Thursday, November 26, 2015

New home for a while

I've decided to put a passion project I've had peculating for years into play.  So I'm blogging at a new place where you can be a part of the journey from the beginning AND be a part of the progress.

Join me now at

Tuesday, November 11, 2014

A great opportunity for writers!

Something you don't want to miss!   From the Trans Canada Romance Writers Blog:

Maple Seed Awards

2014-2015 Maple Seed Awards

The purpose of the Maple Seed Awards is to inspire and reward writers of romance fiction.

• Participation is open to all Romance Writers (published and unpublished).
• All work must be the writer’s original work that has not been contracted for publication.
• Entries are to be the first three chapters.
• Open to all romance categories, including erotic, but not erotica.
• Email entries only.
• Multiple entries are accepted, but each entry must have a separate entry form.
• All entrants must request and complete a Maple Seed Entry Form.

Entry Fee:
No entry fee required for Trans Canada Romance Writers’ members.
$20.00 for non-TransCRW members.

Contest Opens: November 01, 2014

Contact Michelle Carter for a Maple Seed Entry Form:

Entry of Chapters:
• Chapters must be professionally presented, double spaced, one inch margins, Times Roman font, and size 12.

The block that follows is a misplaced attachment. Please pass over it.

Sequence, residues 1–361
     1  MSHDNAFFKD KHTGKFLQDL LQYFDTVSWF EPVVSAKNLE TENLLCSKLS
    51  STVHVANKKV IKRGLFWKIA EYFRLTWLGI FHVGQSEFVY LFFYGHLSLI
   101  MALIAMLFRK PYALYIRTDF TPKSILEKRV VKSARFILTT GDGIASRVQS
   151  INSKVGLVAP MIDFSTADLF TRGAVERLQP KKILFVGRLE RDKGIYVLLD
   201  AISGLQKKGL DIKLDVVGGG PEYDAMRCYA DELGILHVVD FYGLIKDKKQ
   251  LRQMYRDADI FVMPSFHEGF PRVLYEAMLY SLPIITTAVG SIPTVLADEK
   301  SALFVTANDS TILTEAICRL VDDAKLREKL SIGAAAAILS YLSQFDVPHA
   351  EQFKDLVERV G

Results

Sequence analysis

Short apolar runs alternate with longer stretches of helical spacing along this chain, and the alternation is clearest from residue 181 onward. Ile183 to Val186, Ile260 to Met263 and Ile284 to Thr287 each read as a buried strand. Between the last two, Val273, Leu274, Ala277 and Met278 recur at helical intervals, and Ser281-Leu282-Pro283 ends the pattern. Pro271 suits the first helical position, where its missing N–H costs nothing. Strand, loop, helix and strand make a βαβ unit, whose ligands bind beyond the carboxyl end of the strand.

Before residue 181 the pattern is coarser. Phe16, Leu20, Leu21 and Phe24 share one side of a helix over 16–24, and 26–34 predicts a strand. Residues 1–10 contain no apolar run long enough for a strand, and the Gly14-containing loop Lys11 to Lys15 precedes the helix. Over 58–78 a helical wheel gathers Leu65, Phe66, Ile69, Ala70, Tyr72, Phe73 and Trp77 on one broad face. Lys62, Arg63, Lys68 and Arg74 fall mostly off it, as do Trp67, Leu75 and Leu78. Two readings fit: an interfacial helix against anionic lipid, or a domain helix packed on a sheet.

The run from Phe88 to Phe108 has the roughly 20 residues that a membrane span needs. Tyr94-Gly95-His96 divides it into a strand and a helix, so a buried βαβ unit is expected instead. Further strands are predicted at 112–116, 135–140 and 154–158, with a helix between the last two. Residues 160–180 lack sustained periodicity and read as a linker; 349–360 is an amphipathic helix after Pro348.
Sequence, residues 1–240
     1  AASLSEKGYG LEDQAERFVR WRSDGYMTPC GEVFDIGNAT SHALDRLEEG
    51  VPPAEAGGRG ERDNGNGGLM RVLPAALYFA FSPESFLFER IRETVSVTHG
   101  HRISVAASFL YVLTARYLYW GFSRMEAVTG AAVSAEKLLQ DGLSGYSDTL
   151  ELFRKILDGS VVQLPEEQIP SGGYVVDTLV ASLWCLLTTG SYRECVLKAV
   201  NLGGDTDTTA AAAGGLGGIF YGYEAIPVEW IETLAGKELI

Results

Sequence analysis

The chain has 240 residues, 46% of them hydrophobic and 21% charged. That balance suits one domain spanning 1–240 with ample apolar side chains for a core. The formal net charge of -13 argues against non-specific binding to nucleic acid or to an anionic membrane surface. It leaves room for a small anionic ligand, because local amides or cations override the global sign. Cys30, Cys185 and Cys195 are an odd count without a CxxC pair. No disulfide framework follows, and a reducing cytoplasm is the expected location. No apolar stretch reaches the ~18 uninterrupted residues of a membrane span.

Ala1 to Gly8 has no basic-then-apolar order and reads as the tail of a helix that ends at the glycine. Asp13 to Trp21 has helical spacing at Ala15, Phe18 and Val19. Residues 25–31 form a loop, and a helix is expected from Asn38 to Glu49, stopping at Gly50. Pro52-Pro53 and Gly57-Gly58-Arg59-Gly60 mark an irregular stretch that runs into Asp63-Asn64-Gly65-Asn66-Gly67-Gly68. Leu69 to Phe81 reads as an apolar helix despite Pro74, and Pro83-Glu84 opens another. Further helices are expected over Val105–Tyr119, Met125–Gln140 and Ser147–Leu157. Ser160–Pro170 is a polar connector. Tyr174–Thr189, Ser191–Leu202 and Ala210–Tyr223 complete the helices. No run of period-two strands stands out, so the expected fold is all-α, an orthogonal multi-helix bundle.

• The writer’s name must not appear anywhere on the document.
• Entry title must be included in the header.
• Word Document (.doc) or Rich Text Format (.rtf) or PDF file saved as ‘MapleSeedContest.YourName.Title’.
• Email the completed Maple Seed Entry Form and your entry to Michelle Carter at: with ‘MapleSeedContest.YourName.Title’ as the subject.

Entry Deadline: January 04, 2015

Failure to comply with the entry rules will disqualify the entry.

First Round will be judged and scored by five romance readers. The top three finalists will be chosen and advance to the final round.
First Round Judging Deadline: February 06, 2015.
The top three finalists will be announced and notified by February 09, 2015.

Second Round will be judged by a publisher. The guest publisher will select a winner from the three finalists.
Second Round Judging Deadline: February 23, 2015

Maple Seed Awards results announced on all Trans Canada Romance Writers social media sites and winner notified, by February 27, 2015

Maple Seed Awards 

First place winner will receive the Maple Seed Award Medal, Maple Seed Award Certificate, and their three chapters edited by a professional editor.

Second and Third place winners will receive Maple Seed Award Certificates.